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Self Development

While having a conversation with a colleague the other day, we started talking about emotional intelligence. He told me emotional intelligence is the act of making people feel good about themselves during the interaction you have with them. It got me thinking: how do I do that purposefully?

The Summer movie season has begun with a bang. Avengers: Endgame has become only the second film to gross over $800 million domestically. You are probably living under a rock if you haven’t heard of the Avengers, and maybe one of three people who haven’t yet seen the movie. I won’t be sharing any Endgame spoilers as I am one of the three people who hasn’t seen it, but I will share some insights about the Infinity Stones and how I see them relating to Sandler. With thanks to Sean Coyle for the idea and some material (yes, I borrowed it from him!), here we go…

Have you ever said, “I am an idiot” or something else derogatory about yourself? I know I have. However, it is more appropriate that I note on occasion, I can act like an idiot.

The Schneider family has been like a second family to me.I met Mark and Stephanie at church where we developed our friendship. I was present for the birth of both of their children, Linus and Muriel. I have babysat for the kids and I even have a key to their house. For some reason they have taken a liking to me and have embraced me as a member of their family.On the wall of their kitchen they have, as most families do, photos, drawings, report cards, and school notes that Linus and Muriel have brought home during the school year. 

One of the things Linus brought home recently caught my attention.

It was a document on Unhelpful Thinking Styles from Psychology Tools.

When we think of something unimaginable, we often associate the word with pain. Does the word always have to be viewed negatively? Can there be joy in the unimaginable? I believe there can be.

Do you judge your self-worth based on what others think of you or what you know about yourself?

Followers of my Pulse posts and social media accounts will know that I recently attended the Sandler Summit in Orlando, Florida. The theme of this year’s conference was Breakthrough 2018. It was an incredible two days of learning and self-awareness that left me with many ideas to ponder. Breakthrough 2018 was about asking and answering the hard questions that lead to major breakthroughs.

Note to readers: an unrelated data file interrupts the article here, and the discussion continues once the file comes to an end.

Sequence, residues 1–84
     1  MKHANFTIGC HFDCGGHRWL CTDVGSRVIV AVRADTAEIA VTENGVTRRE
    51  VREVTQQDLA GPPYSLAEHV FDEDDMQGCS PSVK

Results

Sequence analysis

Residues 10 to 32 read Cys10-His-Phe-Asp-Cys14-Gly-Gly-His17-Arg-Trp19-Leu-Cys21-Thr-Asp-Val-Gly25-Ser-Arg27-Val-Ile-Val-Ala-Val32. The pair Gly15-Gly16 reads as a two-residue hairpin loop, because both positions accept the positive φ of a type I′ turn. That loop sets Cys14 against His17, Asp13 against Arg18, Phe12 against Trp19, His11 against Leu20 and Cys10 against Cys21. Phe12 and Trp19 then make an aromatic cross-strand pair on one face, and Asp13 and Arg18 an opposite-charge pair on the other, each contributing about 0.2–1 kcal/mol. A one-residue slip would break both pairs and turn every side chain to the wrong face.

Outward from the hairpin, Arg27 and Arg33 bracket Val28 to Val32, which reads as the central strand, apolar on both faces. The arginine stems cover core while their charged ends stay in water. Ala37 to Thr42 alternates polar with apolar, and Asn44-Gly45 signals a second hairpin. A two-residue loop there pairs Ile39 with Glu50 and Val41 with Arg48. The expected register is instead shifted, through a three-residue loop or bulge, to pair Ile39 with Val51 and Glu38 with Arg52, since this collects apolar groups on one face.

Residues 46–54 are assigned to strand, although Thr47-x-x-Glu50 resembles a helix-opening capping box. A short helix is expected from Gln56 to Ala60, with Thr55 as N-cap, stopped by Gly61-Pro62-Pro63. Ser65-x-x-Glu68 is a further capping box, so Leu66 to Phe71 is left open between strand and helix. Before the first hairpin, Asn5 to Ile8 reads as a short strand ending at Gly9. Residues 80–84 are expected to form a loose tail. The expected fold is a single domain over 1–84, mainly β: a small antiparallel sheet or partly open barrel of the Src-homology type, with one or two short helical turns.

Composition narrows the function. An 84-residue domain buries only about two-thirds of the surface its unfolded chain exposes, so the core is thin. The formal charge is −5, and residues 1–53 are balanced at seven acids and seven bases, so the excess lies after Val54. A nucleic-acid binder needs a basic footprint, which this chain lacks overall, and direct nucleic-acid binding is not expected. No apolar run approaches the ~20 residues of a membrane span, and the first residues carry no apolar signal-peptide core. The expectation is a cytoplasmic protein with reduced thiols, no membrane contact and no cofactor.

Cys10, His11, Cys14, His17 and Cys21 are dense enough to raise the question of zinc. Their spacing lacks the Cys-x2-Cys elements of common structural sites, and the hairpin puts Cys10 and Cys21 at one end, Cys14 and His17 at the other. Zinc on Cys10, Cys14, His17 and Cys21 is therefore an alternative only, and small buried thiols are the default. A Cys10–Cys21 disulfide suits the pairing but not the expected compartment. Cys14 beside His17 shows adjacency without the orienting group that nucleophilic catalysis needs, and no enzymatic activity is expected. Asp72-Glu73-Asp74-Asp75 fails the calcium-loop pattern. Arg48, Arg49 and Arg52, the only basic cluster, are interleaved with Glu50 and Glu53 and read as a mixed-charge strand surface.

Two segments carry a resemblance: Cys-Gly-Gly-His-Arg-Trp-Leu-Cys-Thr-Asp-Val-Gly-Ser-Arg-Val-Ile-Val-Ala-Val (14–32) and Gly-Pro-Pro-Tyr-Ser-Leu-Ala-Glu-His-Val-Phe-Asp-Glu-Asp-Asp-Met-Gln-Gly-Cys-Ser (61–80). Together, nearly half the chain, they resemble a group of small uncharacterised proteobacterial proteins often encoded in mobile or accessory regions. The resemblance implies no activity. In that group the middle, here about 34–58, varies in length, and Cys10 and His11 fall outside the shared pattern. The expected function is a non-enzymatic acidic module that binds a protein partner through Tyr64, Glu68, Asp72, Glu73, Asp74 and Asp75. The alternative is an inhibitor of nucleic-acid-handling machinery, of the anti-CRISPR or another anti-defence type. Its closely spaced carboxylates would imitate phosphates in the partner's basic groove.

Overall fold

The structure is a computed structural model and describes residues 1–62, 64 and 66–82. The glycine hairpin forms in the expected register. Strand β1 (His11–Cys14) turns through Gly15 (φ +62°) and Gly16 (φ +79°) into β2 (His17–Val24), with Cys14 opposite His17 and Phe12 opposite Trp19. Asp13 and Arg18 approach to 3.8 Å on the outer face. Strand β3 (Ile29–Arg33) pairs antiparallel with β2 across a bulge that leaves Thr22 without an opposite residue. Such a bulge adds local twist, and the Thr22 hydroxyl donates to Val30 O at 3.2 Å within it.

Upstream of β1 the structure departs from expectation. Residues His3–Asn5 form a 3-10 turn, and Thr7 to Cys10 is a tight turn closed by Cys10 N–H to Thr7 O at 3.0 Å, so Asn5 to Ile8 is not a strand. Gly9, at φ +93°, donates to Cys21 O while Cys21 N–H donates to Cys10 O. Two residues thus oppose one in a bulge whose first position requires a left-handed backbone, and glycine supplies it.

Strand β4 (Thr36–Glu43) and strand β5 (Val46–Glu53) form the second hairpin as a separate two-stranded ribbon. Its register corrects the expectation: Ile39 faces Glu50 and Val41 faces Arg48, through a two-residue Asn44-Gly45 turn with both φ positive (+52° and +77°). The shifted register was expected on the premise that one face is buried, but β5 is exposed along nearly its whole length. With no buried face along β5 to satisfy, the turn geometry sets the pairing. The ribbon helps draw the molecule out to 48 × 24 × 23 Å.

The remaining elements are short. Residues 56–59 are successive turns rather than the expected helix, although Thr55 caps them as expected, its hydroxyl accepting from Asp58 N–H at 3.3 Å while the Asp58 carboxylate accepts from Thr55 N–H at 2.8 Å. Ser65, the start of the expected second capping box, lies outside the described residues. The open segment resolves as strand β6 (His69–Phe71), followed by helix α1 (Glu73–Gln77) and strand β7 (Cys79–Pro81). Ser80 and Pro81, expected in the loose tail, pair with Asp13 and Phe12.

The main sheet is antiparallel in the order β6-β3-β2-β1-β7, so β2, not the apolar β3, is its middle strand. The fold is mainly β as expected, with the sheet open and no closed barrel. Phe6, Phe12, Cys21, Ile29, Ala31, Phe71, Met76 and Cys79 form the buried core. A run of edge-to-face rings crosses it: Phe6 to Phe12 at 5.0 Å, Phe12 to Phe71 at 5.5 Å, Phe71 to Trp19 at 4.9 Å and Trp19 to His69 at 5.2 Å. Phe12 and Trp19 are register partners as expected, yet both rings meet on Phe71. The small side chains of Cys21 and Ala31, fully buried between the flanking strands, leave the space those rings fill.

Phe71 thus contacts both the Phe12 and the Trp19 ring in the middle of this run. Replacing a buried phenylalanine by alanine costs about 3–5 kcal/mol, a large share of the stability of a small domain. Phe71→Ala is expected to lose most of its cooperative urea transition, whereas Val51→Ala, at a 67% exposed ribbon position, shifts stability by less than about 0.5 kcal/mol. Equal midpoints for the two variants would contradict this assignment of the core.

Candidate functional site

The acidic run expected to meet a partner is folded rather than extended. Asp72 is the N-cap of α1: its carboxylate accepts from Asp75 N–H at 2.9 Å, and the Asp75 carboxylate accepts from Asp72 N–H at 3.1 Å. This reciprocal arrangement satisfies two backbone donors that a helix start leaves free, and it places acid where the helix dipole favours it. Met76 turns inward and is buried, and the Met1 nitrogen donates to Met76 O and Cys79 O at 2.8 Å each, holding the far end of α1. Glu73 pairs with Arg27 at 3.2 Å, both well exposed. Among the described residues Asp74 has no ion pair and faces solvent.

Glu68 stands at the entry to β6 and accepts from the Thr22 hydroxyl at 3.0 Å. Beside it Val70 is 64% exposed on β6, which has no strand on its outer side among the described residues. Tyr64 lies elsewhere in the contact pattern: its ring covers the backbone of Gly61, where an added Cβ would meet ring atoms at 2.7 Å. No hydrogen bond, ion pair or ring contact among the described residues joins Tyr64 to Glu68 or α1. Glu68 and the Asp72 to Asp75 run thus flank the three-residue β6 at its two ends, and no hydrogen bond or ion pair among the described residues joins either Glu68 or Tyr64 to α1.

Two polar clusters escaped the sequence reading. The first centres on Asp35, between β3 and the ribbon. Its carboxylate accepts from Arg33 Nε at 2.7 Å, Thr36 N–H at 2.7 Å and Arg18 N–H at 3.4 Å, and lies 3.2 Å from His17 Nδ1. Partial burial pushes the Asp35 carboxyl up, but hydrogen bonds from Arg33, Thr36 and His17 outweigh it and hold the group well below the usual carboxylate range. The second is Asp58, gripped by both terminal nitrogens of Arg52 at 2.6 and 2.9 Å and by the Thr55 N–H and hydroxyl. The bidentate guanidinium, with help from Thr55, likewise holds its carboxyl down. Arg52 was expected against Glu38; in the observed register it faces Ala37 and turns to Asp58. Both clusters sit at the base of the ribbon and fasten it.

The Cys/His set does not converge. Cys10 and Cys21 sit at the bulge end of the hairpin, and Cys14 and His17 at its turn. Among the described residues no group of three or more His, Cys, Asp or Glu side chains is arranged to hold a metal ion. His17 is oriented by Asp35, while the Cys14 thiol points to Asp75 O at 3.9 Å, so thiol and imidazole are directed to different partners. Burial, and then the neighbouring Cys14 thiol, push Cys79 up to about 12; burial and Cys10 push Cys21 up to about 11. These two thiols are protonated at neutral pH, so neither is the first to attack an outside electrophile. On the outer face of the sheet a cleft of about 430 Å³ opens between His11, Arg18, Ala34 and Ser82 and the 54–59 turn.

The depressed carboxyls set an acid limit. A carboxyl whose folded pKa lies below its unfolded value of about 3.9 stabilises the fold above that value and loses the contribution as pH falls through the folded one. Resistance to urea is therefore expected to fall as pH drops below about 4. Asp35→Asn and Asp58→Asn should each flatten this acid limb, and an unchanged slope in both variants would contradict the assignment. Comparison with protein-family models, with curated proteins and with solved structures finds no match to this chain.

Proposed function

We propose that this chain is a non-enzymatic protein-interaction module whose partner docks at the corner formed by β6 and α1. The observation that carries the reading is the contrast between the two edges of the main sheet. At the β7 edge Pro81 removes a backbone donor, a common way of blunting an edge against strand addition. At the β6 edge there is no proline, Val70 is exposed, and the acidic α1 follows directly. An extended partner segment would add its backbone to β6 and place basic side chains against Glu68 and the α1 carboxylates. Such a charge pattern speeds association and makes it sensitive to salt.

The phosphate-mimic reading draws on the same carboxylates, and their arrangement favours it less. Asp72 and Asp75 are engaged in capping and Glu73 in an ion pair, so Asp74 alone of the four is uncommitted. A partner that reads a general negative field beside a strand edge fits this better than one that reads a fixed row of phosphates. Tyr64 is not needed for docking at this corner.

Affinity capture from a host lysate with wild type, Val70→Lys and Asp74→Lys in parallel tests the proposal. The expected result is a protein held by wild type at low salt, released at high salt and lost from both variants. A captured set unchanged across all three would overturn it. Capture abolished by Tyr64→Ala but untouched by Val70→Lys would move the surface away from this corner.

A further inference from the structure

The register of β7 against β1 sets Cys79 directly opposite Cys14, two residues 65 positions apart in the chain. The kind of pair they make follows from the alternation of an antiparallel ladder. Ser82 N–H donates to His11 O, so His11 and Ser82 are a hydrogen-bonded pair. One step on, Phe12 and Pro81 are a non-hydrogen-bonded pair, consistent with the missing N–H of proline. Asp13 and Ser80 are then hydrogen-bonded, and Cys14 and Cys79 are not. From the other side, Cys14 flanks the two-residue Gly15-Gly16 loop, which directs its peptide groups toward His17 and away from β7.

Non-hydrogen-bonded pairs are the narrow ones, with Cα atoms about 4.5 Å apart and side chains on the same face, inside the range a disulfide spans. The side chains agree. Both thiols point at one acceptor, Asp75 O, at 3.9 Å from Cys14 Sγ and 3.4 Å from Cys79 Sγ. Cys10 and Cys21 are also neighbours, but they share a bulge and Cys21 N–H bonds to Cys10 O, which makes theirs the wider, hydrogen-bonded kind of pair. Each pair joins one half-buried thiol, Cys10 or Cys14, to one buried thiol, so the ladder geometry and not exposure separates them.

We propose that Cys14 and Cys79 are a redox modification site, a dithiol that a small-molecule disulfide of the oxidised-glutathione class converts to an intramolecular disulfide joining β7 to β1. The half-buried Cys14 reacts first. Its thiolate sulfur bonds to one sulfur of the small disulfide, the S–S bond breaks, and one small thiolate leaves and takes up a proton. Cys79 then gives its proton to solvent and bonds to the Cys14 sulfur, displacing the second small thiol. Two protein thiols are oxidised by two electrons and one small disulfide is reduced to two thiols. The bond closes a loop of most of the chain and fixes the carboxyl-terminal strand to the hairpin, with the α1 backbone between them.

Thanksgiving is this Thursday and I am very thankful for my family, friends, colleagues, and clients. I owe the people in my community a debt of gratitude for the inspiration and motivation to grow that they have provided me with. I appreciate the good things in my life and I acknowledge those who have made me a better person. Being a better person is hard work and I am big enough to admit that I fail when the pressure of life becomes too much.

During the holiday season I am often reminded of one of my favorite memories. One year, Scott Miller, Pastor of Drayton Avenue Presbyterian Church, made this statement during his sermon, “My presence is your present.” Ever since then it has been Esther’s standard response to my question, “What are you getting me for Christmas?” Although the memory makes me smile, it also makes me think.

Do I practice the kind of personal presence that makes other people feel better about themselves? Am I paying attention to the things that make other people feel valued and appreciated? If not, why not?

A few months ago, I came across an article in The Wall Street Journal, titled “The Need to Read” by Will Schwalbe. The article touches on a passion of mine and highlights that while reading is an activity that has fallen out of fashion, it is one that we should be happy to participate in.

A few weeks ago, I had a talk with Matt Nettleson, a fellow Sandler colleague based in Indianapolis. During our conversation, we talked about the difference between being nice and being kind. I’ll admit that, until now, I did not realize the degree of difference between these two words.

Have you ever lost a deal because you weren't able to distinguish yourself from your competition?

Have you ever blamed someone or something for a mistake that you made?